Dolomites are today part of Word Heritage Sites, bringing to 44 the number of World Heritage Sites in Italy, which is a world record.


Dolomites take their name from the french naturalist Déodat de Dolomieu (1750-1801) who studied the unique kind of rock predominant in the area.

Dolomites (also known as Pale Mountains) are an alpine section of the italian Eastern Alps. About 70% of these mountains are in the province of Belluno, the rest are distributed across the provinces of Bolzano, Trento, Vicenza, Udine and Pordenone.

The landscape, pointy and uneven in elevation, which once was a barrier Reef, was shaped by geologic events across hundreds of millions of years, and it never stopped.
In fact the mountains are still raising in height.

The Ampezzo dolomites are formed by the following mountain groups: the Tofane Group, the Nuvolau Group, the Cristallo Group and the Sorapiss Group.



A visit to the high altitude lakes is an occasion to walk in healthy places, go through bushy pine forests, and see pasturland, torrents and streams. Landscapes are breathtaking and change frequently.

Misurina Lake is the largest natural lake in Cadore and it’s 1.754 mt a.s.l.

Peculiar climatic conditions in the area make the air perfect for people suffering respiratory distress. Next to the lake you can find the only italian centre for the cure of childhood asthma.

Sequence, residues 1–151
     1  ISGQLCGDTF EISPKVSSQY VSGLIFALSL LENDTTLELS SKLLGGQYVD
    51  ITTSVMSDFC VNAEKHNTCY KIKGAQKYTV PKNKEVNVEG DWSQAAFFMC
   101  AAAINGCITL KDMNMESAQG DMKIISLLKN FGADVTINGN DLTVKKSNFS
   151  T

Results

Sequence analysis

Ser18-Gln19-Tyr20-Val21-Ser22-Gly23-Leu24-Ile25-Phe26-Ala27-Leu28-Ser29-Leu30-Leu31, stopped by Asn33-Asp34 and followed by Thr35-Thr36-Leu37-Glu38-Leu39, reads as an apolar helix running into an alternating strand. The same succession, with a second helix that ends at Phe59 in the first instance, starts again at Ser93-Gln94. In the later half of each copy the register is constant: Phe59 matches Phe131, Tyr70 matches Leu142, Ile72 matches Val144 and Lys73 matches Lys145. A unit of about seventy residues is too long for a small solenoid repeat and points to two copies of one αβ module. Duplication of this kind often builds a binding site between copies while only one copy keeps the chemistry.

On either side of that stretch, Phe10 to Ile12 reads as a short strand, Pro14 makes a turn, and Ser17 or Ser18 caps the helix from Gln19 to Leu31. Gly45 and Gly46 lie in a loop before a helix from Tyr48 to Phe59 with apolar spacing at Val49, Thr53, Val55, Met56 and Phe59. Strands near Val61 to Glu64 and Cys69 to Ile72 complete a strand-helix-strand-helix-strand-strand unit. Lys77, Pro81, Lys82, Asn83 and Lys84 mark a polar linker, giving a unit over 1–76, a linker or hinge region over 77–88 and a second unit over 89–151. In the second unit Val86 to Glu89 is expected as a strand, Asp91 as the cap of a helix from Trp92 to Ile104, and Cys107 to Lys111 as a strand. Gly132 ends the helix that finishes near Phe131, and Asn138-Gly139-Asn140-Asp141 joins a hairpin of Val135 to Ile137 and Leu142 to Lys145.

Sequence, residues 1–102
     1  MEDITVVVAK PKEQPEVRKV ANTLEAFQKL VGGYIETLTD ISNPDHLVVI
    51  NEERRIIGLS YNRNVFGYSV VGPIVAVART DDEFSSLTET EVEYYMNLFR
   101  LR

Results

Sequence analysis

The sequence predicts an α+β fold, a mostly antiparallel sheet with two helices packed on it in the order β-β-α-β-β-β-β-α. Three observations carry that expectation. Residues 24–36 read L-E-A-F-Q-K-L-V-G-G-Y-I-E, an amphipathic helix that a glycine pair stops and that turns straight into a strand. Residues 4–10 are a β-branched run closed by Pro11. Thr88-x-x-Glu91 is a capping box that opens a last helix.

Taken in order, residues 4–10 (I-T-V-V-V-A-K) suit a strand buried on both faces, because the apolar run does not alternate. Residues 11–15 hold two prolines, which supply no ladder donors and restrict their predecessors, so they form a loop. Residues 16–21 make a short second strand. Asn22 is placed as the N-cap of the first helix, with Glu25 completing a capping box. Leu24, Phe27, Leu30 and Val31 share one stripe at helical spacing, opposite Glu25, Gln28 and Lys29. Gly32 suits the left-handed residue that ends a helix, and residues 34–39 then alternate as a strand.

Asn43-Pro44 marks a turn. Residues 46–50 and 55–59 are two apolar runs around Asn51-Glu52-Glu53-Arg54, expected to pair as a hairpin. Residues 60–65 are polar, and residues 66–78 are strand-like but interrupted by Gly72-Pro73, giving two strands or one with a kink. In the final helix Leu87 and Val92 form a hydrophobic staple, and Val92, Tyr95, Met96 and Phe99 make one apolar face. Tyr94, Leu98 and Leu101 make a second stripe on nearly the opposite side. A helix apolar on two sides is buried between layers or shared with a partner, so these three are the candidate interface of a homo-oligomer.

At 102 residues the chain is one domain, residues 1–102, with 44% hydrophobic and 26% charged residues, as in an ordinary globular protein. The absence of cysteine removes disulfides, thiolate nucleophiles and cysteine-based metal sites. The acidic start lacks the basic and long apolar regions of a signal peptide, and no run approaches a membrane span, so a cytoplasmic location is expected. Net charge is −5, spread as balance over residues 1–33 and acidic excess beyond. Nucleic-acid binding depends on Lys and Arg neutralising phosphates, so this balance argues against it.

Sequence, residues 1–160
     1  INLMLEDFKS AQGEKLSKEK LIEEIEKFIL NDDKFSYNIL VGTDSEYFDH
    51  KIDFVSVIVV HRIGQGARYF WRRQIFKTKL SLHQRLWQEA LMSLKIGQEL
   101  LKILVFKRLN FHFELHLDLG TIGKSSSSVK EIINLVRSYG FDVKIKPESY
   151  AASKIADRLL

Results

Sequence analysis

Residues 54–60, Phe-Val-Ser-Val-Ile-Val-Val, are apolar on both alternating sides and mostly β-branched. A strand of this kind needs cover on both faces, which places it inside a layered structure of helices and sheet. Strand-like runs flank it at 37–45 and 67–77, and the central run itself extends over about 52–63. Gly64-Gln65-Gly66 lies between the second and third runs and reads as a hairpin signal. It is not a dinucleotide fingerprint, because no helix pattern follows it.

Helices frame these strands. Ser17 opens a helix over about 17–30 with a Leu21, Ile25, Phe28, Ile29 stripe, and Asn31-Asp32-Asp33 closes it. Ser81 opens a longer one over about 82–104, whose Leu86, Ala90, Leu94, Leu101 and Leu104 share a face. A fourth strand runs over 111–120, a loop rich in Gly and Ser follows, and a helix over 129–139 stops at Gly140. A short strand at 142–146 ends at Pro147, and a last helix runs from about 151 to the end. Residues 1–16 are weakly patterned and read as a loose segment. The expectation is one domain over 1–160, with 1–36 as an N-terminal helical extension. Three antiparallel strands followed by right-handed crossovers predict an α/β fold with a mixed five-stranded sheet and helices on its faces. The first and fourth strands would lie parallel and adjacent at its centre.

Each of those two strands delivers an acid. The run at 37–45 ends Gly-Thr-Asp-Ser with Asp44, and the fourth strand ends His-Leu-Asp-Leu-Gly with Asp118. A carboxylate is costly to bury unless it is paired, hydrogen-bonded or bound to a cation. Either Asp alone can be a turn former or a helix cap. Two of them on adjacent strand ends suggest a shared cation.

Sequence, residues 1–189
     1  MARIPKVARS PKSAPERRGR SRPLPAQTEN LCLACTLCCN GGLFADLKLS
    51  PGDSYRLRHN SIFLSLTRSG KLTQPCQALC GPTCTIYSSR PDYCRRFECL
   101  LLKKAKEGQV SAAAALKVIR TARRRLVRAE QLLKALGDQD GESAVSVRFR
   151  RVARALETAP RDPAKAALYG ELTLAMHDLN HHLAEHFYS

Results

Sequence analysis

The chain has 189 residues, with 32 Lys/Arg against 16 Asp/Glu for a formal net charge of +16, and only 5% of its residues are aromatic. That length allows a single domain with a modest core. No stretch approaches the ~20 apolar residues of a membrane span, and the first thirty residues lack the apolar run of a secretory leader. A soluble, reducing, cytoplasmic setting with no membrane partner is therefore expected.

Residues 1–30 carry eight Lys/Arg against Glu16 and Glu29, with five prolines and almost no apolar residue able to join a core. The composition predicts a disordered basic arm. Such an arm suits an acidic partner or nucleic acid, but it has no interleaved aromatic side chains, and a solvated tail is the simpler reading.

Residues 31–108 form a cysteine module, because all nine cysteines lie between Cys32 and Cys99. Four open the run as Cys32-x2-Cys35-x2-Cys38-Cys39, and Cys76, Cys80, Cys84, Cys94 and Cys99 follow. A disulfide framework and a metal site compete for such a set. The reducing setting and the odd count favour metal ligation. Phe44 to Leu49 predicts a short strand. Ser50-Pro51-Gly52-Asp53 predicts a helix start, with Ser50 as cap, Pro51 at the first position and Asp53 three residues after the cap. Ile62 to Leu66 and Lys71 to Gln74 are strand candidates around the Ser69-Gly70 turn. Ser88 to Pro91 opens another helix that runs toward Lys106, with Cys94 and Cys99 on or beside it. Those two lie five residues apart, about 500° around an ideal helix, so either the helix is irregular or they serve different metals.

From there, taking the road to the Tre Cime di Lavaredo, you can find Antorno Lake.

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The Cimabanche Pass (or Cima Banche, in Ladin Sórabànces, in German Im Gemärk) is an alpin pass of the Dolomites at 1.529 mt a.s.l. located between Croda Rossa and Cristallo mountains. The pass is 15 km long at 2.2% gradient on the Cortina side, while it measures 16 km at 2% on the Pusteria side. The total difference in height is 590 m.

It connects Cortina d’Ampezzo,famous tourist location and ski resort of international fame in the Conca Ampezzana, in the Veneto province of Belluno, along the Val di Landro, with Dobbiaco, located in Val Pusteria in the province of Bolzano.
A few metres south of the pass, there are two small lakes: Lake Bianco to the east and Lake Nero to the west.

The Falzàrego Pass (in Ladin Fouzargo, 2,109 m a.s.l.) is an Alpine pass in Veneto, in the province of Belluno, which connects the upper Agordino with Cortina d’Ampezzo via the Strada Statale 48 delle Dolomiti, one of the main communication arteries of the Dolomites.

It is located a few kilometres south of the border with Trentino-Alto Adige, to which it is connected via the Valparola Pass, between Lagazuoi and Nuvolau. In a dominant position with respect to the pass, Forte Sasso di Stria, a fortification dating back to the First World War, is located at 2,477 m above sea level. In reality the fort was never completely completed, on the contrary only the basements of the fort and some positions were completed.

The name Falzarego derives from the Ladin fàlza régo, that is “false king”. This appellative would refer to a legendary ruler of the Fanes kingdom, who usurped the throne from its legitimate holder and then turned to stone for having deceived his own people.

The Falzarego Pass is one of the famous Dolomite passes crossed several times over the years by the Giro d’Italia.